One of the country’s biggest residential developers is dipping its toes into the high-performance housing market with a prototype net-zero-energy house in California.
PulteGroup announced earlier this month that it would wrap up work on its first net-zero home in a Brentwood, California, development called Botanica in May. The goal, PulteGroup President Ryan Marshall said in a press release, “is to help define the most efficient path to building zero-net-energy homes that effectively balance constructability, cost, and quality.”
Net-zero houses are relatively rare, but California has more of them than any other state in the country, according to a survey published earlier this year by the Net-Zero Energy Coalition. They are likely to become much more common as the state approaches its 2020 goal that all new houses be net-zero, and the state’s zero net energy action plan for reaching that milestone lists a number of steps, including construction of single-family and multifamily demonstration projects.
According to rankings by Professional Builder, Pulte is the third biggest home builder in the U.S. with a total of 17,196 closings in 2014 and sales of $5.5 billion. The company says that it’s the largest builder to date to take part in the net-zero demonstration program.
In an email response to questions from GBA, Brian Jamison, PulteGroup national procurement director, said that the company has been “testing and implementing innovative energy solutions and sustainable practices” in new houses around the country. Some of the houses have been very efficient, but the Botanica house will the first one designed specifically to hit the net-zero mark.
Other big builders also are working their way into the net-zero market. For example, KB Home, ranked at #8 in the country with 2014 sales of $2.4 billion, debuted a net-zero energy home in Los Angeles County in 2014. The 2,537-square-foot house in the city of Lancaster also uses no water for landscaping, making it what KB calls a “double zero house.”
Features of the prototype house
The part of California where Pulte’s demonstration house is being built, 55 miles east of San Francisco, is in Climate Zone 3. As described by Pulte, the slab-on-grade house will have two levels with three bedrooms, 2 1/2 baths, and a total of 2,343 square feet.
Botanica is a 297-unit subdivision, but the prototype will be the only one in the neighborhood to get the enhanced package of energy upgrades. Pulte has yet to set a sales price for the house, but the base prices of homes in Botanica range from the high $400,000s to the low $600,000s and vary in size from 2,343 square feet to 3,590 square feet.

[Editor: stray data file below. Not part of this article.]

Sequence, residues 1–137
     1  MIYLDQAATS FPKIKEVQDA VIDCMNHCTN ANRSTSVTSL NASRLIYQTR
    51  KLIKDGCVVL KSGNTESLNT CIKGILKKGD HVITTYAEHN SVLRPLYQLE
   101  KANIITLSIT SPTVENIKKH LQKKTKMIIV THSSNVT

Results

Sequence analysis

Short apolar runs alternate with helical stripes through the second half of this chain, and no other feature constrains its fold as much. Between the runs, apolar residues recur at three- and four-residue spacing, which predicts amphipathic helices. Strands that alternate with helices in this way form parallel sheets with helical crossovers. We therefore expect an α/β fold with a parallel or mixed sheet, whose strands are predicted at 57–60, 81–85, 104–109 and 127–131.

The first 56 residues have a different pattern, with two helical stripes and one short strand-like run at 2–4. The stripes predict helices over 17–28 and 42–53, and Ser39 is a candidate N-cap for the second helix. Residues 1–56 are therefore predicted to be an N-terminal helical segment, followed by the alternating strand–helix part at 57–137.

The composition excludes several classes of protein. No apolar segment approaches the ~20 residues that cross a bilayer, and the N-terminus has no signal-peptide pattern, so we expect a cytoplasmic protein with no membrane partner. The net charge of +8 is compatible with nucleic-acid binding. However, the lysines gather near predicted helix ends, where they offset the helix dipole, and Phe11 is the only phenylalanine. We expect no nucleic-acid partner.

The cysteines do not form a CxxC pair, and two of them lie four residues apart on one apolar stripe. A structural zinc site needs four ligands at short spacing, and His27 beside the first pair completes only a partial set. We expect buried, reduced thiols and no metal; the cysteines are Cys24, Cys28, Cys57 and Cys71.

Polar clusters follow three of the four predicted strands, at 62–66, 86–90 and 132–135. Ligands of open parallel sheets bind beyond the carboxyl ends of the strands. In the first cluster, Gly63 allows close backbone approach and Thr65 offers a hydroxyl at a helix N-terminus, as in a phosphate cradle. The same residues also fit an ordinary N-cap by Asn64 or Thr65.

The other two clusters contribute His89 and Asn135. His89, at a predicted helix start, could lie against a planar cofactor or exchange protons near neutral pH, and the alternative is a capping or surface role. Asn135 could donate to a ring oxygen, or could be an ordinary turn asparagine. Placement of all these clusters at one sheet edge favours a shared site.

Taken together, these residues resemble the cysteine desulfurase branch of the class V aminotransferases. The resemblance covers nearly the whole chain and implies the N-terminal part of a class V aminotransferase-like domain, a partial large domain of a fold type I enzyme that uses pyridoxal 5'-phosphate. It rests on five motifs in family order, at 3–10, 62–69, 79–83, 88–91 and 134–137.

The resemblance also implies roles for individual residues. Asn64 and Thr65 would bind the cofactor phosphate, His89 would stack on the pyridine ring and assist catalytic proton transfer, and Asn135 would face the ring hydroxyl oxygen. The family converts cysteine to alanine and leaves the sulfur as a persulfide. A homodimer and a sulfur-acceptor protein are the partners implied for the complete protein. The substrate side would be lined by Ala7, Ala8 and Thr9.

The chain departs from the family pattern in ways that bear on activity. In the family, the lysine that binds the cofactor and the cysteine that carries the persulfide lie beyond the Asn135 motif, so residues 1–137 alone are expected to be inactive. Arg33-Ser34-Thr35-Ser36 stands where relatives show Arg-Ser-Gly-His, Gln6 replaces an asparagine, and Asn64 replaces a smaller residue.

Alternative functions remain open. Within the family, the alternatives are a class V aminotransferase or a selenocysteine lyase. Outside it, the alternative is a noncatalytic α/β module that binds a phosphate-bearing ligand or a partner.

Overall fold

Asked what Pulte estimated to be the additional costs to bring the house to the net-zero level, Jamison sidestepped the question. He responded, “The energy performance of the home will be monitored for a year after it is sold, and overall energy performance and consumption will be evaluated. We are collaborating with many valued partners in building, tracking and evaluating the prototype and hope to get more insight into the cost and myriad of energy efficient offerings our homes in California and beyond will offer in the future.”
Here are some of the home’s features:
- A building envelope with an air leakage rate of 3.5 air changes per hour at a pressure difference of 50 pascals (ach50). Accoding to Pulte, an air leakage rate of 5 ach50 is typical in new houses.
- A HERS Index target of zero.
- A whole-house ventilation system consisting of an exhaust fan that runs continuously and a duct that brings in fresh air.
- A conditioned attic with a sealed, insulated roof deck insulated to R-38. (The company didn’t answer questions about the type or amount of insulation in exterior walls or say whether any insulation would be placed beneath the slab.)
- Heating and cooling with a SEER 19 air-source heat pump made by Lennox.
- A tankless water heater made by Rinnai. The hot water system includes a dedicated, insulated loop that connected to a pump controlled by switches in the kitchen or the master bedroom. The system is designed to reduce water waste.
- A 4.34-kilowatt photovoltaic array installed by SolarCity.
- LED lighting.
- A Site Sage energy monitoring system that keeps track of plug loads, major appliances, and lighting.
- Low-e vinyl windows, Energy Star appliances, an induction cooktop, and a front-loading gas-fired dryer.
A time of turmoil in the company
The project comes at a time of unrest in the company. The Wall Street Journal reports that Pulte founder William J. Pulte and CEO Richard Dugas Jr. are battling over the direction the company is taking, and that Dugas had agreed to step down next year.
Pulte’s grandson, also named Bill Pulte, has complained that the company’s share price, revenue, and housing deliveries have been “relatively stagnant over the last two or three years.” The two Pultes and director Jim Grosfield launched a surprise attack on Dugas in late March, demanding that he retire or “there would be war.”
But the Pultes and Grosfield are apparently at odds with the rest of Pulte’s board. In a letter to shareholders, James Postl, an independent director, said that the trio had undertaken a “misguided” effort to boot Dugas and “influence our considered succession planning process and change the strategic direction of PulteGroup,” the newspaper said.
The public dispute points to how volatile the politics at big, publicly traded companies can be, and how quickly company strategies can change.